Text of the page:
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Star-of-Bethlehem

Did You Know?

A few facts:

  • Can be toxic to livestock
  • Looks similar to wild garlic

How to get rid of star-of-Bethlehem:

  • Treat with herbicides

Information by Rakesh Chandran, Ph.D., WVU Extension Service Weed Science Specialist

Am I Seeing Stars in My Yard?

During the spring and summer months, we often celebrate the holidays by proudly displaying the stars and stripes. In addition to the American flag, many of you may also see a different kind of star in your lawns and pastures.

Star-of-Bethlehem Identification

The star-of-Bethlehem is a perennial weed that resembles wild garlic. You will find it growing in the spring months in lawns and pastures of West Virginia. It doesn’t have the distinct smell of wild garlic and can be identified by its slender succulent leaves that have a prominent whitish midrib with round hollow leaves. And, if you don’t mind it, it actually produces a beautiful white, star-shaped flower with six petals.

The star-of-Bethlehem flowers in late April or early May and typically completes its life cycle by the end of May. It is known to contain toxic glycosides (especially the flowers/bulbs) that can cause poisoning to children or livestock that consume the plant parts. It remains dormant in the fields during winter months.

Controls for Star-of-Bethlehem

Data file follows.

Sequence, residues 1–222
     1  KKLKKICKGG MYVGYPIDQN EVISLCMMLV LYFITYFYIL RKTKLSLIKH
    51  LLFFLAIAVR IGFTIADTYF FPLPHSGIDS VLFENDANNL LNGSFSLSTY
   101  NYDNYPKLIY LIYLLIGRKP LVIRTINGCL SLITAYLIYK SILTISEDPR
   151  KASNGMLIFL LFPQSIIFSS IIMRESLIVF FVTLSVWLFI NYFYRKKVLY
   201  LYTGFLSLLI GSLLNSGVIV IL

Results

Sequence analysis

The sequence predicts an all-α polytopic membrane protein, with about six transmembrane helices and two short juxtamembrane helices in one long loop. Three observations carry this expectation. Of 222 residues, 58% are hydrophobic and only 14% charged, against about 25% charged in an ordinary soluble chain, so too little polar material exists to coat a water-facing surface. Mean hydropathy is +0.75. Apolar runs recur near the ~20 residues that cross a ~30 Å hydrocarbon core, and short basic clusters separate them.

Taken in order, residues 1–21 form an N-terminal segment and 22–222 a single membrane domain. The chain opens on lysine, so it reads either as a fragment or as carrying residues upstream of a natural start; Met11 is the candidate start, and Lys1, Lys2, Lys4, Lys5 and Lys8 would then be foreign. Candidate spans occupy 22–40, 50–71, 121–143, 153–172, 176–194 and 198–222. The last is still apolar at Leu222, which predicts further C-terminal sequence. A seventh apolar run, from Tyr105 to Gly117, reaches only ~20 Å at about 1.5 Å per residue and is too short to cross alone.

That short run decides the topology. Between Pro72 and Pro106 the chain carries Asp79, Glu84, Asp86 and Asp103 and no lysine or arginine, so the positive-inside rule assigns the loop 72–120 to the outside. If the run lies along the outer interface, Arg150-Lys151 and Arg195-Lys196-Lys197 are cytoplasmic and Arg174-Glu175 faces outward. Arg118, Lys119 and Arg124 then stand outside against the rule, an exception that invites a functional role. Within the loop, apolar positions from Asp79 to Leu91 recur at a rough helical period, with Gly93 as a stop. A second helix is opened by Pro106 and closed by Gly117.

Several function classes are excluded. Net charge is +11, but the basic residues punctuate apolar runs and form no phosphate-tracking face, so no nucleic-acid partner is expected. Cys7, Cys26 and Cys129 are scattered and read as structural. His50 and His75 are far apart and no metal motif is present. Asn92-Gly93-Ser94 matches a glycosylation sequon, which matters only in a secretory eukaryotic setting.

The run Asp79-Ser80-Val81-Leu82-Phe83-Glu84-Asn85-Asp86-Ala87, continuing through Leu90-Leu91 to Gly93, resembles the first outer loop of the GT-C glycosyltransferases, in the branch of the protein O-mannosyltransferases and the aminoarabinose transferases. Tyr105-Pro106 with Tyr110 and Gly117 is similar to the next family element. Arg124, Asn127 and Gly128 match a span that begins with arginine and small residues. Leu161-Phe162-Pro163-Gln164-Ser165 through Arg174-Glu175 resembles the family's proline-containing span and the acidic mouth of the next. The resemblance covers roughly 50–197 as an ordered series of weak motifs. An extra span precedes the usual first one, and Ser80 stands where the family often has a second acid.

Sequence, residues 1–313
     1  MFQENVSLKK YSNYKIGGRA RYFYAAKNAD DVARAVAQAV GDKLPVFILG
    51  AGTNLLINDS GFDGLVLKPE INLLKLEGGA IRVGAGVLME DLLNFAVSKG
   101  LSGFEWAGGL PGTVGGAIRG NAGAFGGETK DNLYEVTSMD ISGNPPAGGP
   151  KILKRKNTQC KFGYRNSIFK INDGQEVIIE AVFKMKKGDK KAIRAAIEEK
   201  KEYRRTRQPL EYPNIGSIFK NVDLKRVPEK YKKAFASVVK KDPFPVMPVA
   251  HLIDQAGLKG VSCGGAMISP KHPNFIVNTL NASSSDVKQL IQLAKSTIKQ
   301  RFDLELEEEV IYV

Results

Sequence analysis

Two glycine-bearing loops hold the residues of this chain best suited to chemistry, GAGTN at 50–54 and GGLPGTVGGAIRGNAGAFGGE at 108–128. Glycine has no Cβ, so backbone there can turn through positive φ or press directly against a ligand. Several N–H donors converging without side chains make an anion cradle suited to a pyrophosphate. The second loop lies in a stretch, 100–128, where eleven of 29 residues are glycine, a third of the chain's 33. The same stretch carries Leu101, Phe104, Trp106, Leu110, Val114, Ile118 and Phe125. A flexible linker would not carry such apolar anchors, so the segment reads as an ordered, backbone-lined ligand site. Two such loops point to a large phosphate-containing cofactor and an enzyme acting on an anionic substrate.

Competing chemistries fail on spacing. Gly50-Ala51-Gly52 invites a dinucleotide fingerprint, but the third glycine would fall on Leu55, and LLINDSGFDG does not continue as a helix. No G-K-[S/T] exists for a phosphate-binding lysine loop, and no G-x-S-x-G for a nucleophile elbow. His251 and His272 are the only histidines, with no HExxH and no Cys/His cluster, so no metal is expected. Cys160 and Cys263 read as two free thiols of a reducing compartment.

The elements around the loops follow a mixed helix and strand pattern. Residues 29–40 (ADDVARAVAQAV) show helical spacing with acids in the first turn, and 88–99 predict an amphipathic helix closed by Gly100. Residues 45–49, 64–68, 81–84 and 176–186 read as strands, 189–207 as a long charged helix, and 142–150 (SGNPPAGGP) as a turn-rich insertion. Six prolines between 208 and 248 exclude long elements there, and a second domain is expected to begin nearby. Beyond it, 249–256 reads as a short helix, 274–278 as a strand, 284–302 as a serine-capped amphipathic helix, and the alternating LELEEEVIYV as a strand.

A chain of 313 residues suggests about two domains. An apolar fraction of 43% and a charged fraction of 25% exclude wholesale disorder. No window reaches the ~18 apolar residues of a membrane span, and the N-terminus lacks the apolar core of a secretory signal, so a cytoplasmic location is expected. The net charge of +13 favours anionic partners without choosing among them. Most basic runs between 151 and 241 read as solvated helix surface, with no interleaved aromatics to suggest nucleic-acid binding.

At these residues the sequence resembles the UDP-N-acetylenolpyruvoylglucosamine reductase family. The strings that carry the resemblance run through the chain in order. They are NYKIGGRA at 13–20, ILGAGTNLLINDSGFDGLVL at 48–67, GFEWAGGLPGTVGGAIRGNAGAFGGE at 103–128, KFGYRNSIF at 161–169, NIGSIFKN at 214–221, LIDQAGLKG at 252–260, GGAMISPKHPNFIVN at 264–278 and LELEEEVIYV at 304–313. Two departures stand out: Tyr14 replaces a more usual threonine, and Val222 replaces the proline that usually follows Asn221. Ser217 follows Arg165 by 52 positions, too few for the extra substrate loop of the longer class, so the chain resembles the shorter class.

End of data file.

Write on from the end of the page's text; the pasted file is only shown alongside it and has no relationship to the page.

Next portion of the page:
You can try to dig up the star-of-Bethlehem, but it won’t be easy. The best solution is to use an herbicide containing carfentrazone (Speedzone, Q4, etc.) to provide good control for this weed and you will want to apply it during the weed’s early growth stages. If the weed has taken over, it may be nearly impossible to manage. You may want to consider killing all vegetation and re-seeding the lawn/grass, particularly if you have livestock in that area.


Author: Rakesh Chandran, WVU Extension Weed Science Specialist
Last Reviewed: May 2018

Recommendations for the use of agricultural chemicals are included as a convenience to the reader. The use of brand names and any mention or listing of commercial products or services does not imply endorsement by West Virginia University Extension Service nor discrimination against similar products or services not mentioned. Individuals who use agricultural chemicals are responsible for ensuring that the intended use complies with current regulations and conforms to the product label. Be sure to obtain current information about usage regulations and examine a current product label before applying any chemical. For assistance, contact your county Cooperative Extension agent.